Level 1

Mathematics and Statistics clarifications

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Level 1 Achievement Standards – Mathematics and Statistics

The notes for each standard should be read in conjunction with the achievement standard which is available from the NZQA website and the Conditions of Assessment document.

Mathematics Standards

The titles of all of the Mathematics standards are Apply xxx in solving problems

xxx comes from content specified in the New Zealand Curriculum that students need to apply in solving problems so students need to be given a problem to solve.  Problems need to allow for all levels of achievement.  Within the problem there may be sub tasks but evidence for any level of achievement needs to come from the solution of the overall problem.  This means there needs to be sufficient scope within the problem for the thinking that is needed.  Problems are situations that provide opportunities to apply knowledge or understanding of mathematical concepts and methods.  Situations should be set in a real-life or mathematical context.  Students should not be presented with a task in an unfamiliar context.  It is acceptable for students to know the context before the assessment.

The SOLO taxonomy has been used to describe the different levels of thinking in the standards.

The stages in the SOLO taxonomy are increasing in quantity and quality of thought.

Achieved level is the multistructural stage where students need to know or use more than one piece of given information, fact, or idea, but do not integrate their ideas.

Merit is relational thinking where students see the significance of how the various pieces of information relate to one another.  ‘Questions’ that provide evidence for relational thinking will require students to integrate more than one piece of given knowledge, information, fact or idea.

Excellence is extended abstract thinking where students can make connections beyond the scope of the problem or question, to generalise or transfer learning into a new situation.  Going beyond the given information, knowledge or ideas, or deducing a more general rule or proof that applies to all cases are examples of extended abstract thinking.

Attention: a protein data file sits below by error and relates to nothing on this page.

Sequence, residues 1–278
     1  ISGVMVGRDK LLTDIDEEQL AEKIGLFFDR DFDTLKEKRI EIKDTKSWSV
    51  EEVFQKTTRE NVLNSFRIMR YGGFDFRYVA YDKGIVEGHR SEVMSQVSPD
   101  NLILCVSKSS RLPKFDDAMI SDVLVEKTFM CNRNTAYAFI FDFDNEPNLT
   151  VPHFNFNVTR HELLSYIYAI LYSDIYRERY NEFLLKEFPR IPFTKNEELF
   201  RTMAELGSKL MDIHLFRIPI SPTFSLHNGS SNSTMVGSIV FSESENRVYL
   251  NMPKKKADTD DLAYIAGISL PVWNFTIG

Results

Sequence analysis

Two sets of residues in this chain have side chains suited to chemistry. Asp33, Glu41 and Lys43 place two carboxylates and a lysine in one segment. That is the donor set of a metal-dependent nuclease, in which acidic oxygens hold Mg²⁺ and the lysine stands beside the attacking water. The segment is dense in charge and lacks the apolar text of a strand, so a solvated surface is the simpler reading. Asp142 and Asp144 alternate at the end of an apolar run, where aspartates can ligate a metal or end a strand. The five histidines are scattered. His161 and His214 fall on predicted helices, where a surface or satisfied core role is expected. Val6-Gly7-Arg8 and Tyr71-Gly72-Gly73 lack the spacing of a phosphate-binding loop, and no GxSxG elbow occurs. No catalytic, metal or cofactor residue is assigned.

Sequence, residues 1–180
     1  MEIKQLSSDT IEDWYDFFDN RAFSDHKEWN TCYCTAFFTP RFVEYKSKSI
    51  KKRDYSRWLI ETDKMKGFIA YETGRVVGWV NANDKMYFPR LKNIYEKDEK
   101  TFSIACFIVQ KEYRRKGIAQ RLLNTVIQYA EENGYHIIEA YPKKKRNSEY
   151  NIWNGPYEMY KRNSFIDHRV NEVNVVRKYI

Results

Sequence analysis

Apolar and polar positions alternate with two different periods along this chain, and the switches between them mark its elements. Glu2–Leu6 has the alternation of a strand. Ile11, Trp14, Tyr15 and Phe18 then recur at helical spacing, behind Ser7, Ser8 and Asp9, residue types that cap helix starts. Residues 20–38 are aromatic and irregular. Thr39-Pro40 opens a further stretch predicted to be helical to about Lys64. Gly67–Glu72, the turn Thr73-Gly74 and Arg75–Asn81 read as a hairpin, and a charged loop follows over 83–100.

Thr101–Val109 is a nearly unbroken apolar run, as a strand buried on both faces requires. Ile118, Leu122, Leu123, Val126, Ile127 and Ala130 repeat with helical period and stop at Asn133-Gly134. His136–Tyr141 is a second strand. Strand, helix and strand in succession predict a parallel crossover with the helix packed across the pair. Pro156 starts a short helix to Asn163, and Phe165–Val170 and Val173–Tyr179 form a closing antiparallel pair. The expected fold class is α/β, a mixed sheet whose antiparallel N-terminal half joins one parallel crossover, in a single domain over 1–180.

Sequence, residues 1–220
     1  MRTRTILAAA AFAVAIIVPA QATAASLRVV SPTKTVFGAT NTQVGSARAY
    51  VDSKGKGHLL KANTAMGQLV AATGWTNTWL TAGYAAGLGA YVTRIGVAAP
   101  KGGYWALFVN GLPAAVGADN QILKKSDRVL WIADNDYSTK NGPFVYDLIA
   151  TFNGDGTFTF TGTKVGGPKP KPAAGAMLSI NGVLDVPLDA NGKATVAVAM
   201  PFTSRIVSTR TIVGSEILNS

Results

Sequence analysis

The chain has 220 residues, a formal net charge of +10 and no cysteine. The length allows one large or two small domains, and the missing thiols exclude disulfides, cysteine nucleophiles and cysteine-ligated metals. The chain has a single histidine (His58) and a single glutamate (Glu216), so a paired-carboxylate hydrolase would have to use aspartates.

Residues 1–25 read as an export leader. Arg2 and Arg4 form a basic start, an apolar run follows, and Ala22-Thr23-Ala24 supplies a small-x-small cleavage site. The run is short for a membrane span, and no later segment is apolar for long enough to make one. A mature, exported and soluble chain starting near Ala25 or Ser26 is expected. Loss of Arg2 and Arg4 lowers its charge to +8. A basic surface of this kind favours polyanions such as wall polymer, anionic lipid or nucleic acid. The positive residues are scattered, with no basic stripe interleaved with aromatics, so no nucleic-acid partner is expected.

At Achieved level all of the standards include the wording ‘selecting and using a range of methods’.  The evidence for this aspect can not come from a situation where students are told what method to use to solve problems.  Problems need to be presented so there are no instructions about the method of solution.

For the ‘method’ to provide evidence for the standard it needs to be relevant to the solution of the problem and also at the appropriate curriculum level.

The ‘methods’ which provide evidence for each standard are listed in Explanatory Note 4 of the standard.

The appropriate curriculum level can be determined by looking at Explanatory Note 1 of the standard which lists the achievement objectives from The New Zealand Curriculum (NZC) which are covered by the standard.  There is further information about the achievement objectives at level 6 of the curriculum in the Teaching and Learning Guide.  This information can be found by selecting the relevant achievement objective from the TKI website.  There is further information about the achievement objectives on the NZ Maths website.

Statistics Standards

All of the statistics standards involve students using a specified ‘process’.  The process varies from standard to standard depending on what aspect of statistics is involved.  The ‘process’ is detailed in Explanatory Note 3 of the standard.

The wording of the Achievement Criteria in the Statistics Standards reflects the step up in the quality of the response that is required at the different levels.  Merit level is ‘with justification’ and Excellence is ‘with statistical insight’.

At Achieved level students need to provide evidence of using each component of the ‘process’.

At Merit students need to link components of the ‘process’ to the context.  The justification comes from providing supporting evidence for any comments.

At Excellence students need to integrate statistical and contextual knowledge throughout the ‘process’.  They need to have an understanding about the context and are expected to demonstrate they have thought about the ‘process’ they have undertaken and their findings.

Information about the statistics achievement objectives can be found in the Teaching and Learning Guide at the TKI website. Additional information is available on the Census at School website.

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